Commentary on the 2015 Democracy tables:

Due regard should be given to the actual experience of life in those nations at the top of our democracy tables. You KNOW that you are in a good place in any or all of the Scandinavian nations, Switzerland, Netherlands, New Zealand and just a few others, that year after year top our charts. Similarly, at the other end of the tables, North Korea is unmistakable as a classically repressive society. It operates under the Rule of Law, but it is an evil retrograde system of ‘law’ - intolerable in fact, as it depends entirely on the rigid control of the entire people by an elite with inherited power.

In this it is distinct from such as Somalia, which broadly is a savage society, outside any rule of law, where religious fanatics and their warlords ride high in a geographically confined space, permanently at war within itself.

Two large post-Soviet republics compete with North Korea for bottom place: Uzbekistan whose dictator was originally the USSR’s ‘First Secretary’ of the local communist party, the top man even before his republic’s unasked-for independence. The then British ambassador to Uzbekistan got fired some years ago, because he publicly complained about the dictator’s thugs there boiling political opponents alive –until they weren’t!

The other frequent bottom dweller, is the very obscure oil-rich Turkmenistan where government is controlled by a similarly opaque power clique, whose autocratic rule equates with the worst days of the USSR.

The world’s political systems are far from ‘tidy’ with no single alternative to the thirty six fully democratic (our Divisions One and Two) - and another thirty six Division Three ‘democracy-inclining’ governments, which together amount to nearly half of all the nations listed –roughly our Divisions 1, 2 & 3.

Excepting a tiny number of anomalies, (particularly Singapore which rigidly controls it’s unfree media, and thus continuity of government), the 4th Division demonstrably gets worse the deeper one explores - and that’s more than half the nations on earth!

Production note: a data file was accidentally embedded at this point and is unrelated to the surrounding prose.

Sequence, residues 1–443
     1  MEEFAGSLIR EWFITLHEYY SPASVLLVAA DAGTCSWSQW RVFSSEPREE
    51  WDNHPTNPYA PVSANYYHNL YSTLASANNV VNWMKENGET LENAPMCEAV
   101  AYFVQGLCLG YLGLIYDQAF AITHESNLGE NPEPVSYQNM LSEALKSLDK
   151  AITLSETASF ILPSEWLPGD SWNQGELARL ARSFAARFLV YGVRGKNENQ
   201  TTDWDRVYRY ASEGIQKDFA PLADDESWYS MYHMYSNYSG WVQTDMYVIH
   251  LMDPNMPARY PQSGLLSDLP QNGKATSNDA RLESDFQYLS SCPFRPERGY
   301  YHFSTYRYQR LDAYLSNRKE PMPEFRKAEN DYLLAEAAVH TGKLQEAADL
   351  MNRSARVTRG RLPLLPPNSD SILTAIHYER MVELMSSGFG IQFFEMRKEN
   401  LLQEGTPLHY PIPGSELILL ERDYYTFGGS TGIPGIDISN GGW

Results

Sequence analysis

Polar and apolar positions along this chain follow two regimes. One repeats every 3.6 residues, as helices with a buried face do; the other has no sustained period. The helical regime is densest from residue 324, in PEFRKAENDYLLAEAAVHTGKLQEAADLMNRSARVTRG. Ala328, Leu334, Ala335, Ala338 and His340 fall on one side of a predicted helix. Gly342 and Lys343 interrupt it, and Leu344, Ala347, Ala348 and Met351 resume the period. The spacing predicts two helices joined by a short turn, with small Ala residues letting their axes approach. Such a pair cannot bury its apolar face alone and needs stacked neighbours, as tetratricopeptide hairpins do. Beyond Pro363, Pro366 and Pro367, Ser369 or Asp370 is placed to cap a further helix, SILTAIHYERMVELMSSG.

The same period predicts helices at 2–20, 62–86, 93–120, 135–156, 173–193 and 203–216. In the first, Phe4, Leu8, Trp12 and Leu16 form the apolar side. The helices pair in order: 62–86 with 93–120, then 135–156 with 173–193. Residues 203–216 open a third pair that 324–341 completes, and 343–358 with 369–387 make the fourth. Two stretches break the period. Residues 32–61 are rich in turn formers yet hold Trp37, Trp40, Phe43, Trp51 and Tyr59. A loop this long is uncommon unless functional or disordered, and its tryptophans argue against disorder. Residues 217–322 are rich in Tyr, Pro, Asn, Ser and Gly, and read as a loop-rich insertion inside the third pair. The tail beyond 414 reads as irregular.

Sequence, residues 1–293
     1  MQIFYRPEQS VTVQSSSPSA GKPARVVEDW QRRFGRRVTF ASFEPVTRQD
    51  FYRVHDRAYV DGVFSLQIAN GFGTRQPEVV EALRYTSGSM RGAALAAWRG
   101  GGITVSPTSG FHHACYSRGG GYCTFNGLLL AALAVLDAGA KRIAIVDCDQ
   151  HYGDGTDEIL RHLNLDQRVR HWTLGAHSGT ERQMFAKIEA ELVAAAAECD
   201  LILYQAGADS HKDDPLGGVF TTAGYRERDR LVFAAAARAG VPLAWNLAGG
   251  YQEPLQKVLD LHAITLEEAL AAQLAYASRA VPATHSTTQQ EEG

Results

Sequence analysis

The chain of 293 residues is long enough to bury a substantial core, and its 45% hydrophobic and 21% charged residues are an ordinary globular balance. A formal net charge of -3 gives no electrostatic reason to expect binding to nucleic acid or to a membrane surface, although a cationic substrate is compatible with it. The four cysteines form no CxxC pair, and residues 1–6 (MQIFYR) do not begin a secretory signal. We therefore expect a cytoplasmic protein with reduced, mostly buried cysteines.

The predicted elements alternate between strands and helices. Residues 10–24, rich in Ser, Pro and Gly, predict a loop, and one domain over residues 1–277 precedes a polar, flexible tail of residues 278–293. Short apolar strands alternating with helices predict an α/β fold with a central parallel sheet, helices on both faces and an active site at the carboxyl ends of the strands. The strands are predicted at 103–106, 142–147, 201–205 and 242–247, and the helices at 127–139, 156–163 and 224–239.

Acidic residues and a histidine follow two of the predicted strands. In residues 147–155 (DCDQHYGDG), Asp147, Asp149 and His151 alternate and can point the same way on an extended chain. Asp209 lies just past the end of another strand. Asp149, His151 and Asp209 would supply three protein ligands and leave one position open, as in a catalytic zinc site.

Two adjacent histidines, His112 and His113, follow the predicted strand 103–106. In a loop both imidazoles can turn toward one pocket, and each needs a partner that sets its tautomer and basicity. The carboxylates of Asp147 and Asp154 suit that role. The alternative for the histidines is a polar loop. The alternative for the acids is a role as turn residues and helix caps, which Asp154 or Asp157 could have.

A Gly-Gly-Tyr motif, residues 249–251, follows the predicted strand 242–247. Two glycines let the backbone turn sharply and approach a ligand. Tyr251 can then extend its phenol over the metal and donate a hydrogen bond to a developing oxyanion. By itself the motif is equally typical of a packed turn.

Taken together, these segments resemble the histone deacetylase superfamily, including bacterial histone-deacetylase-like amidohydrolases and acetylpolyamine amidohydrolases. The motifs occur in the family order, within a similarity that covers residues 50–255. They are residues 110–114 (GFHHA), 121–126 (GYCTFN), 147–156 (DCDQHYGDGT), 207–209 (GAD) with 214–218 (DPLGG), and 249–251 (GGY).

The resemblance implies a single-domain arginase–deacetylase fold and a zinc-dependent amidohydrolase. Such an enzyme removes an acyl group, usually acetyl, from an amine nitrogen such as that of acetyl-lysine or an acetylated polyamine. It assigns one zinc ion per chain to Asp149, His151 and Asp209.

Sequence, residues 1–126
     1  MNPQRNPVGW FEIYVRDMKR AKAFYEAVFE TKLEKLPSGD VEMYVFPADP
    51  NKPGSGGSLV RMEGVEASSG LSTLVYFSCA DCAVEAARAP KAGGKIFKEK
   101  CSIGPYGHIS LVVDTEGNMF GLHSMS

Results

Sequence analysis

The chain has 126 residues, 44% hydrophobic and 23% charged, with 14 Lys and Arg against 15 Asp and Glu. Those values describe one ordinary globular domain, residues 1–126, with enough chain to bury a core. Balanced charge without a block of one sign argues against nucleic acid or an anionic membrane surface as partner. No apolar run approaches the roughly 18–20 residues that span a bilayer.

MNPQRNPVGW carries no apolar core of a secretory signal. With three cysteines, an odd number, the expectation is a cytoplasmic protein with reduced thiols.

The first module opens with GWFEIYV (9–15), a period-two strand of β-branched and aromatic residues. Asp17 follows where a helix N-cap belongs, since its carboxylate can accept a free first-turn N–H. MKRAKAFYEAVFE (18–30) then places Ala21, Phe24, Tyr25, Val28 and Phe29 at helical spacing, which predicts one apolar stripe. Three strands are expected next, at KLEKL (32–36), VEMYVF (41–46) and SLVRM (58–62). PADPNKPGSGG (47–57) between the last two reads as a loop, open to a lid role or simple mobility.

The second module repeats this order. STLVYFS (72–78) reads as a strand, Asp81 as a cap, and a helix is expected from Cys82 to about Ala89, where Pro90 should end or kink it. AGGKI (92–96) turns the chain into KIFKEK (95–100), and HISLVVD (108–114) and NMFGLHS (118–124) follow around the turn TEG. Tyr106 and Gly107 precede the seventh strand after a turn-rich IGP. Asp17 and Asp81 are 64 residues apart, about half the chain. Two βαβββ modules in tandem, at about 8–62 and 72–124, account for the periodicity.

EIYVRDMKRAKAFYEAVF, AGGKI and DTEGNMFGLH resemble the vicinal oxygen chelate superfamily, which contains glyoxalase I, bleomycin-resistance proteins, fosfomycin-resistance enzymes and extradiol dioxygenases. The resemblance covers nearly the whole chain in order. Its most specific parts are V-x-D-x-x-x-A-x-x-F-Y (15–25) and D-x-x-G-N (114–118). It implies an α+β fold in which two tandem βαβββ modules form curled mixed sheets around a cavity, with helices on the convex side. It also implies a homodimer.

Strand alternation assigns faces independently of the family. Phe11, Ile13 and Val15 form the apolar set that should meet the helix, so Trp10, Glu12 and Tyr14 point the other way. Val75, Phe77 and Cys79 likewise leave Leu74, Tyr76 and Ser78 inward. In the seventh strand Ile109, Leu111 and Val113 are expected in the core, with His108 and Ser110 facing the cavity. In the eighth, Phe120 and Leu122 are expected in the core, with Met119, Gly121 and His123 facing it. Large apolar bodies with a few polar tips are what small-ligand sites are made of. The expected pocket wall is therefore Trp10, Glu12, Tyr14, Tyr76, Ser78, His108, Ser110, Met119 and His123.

Promotions Demotions

There are typically few changes year on year, so since the January 2014 report, Japan has spectacularly gone up to Division One. From last year leading Division Two at 28th, Japan is now well placed amongst the leaders at 16th - a substantial rise.

Italy is now 29th and back where it belongs in Division One, skipping Division Two, coming back straight from 43d in the Third Division.

However, South Korea has dropped out of Division Two where it was ranked 31st, down to Division Three, now at 38th, from where it might be expected hopefully to bounce back.

Two nations have risen from Div 4 to Div 3. They are: Papua New Guinea formerly at 73 now 54. Congratulations on a big rise and Tunisia where the Arab Awakening started (and after a successful election, is now about the only success story in the Arab States); was at 77 and is now 61. This also places Tunisia at the top of the Arab League (sidebar below).



The January 2015 Audit of World Democracy

For January 2015 we have again published an updated annual comparative table of results, for those 150 nations that exceed one million population.

The criteria we use to monitor democracy are Human Rights and Political Rights. These determine which of four divisions a nation belongs in.

We then measure the absence of public corruption and availability of ‘free speech’ (media) to determine rank, within those four divisions.